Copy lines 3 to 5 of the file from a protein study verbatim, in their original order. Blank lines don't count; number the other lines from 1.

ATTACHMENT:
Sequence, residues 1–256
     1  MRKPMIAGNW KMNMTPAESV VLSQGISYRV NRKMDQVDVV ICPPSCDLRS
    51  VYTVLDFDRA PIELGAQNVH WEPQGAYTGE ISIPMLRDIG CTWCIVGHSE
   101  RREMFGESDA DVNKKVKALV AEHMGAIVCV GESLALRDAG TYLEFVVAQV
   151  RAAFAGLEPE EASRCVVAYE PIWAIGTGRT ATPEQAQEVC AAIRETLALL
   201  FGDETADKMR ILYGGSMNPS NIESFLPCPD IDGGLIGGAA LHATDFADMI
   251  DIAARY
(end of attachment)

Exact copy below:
    51  VYTVLDFDRA PIELGAQNVH WEPQGAYTGE ISIPMLRDIG CTWCIVGHSE
   101  RREMFGESDA DVNKKVKALV AEHMGAIVCV GESLALRDAG TYLEFVVAQV
   151  RAAFAGLEPE EASRCVVAYE PIWAIGTGRT ATPEQAQEVC AAIRETLALL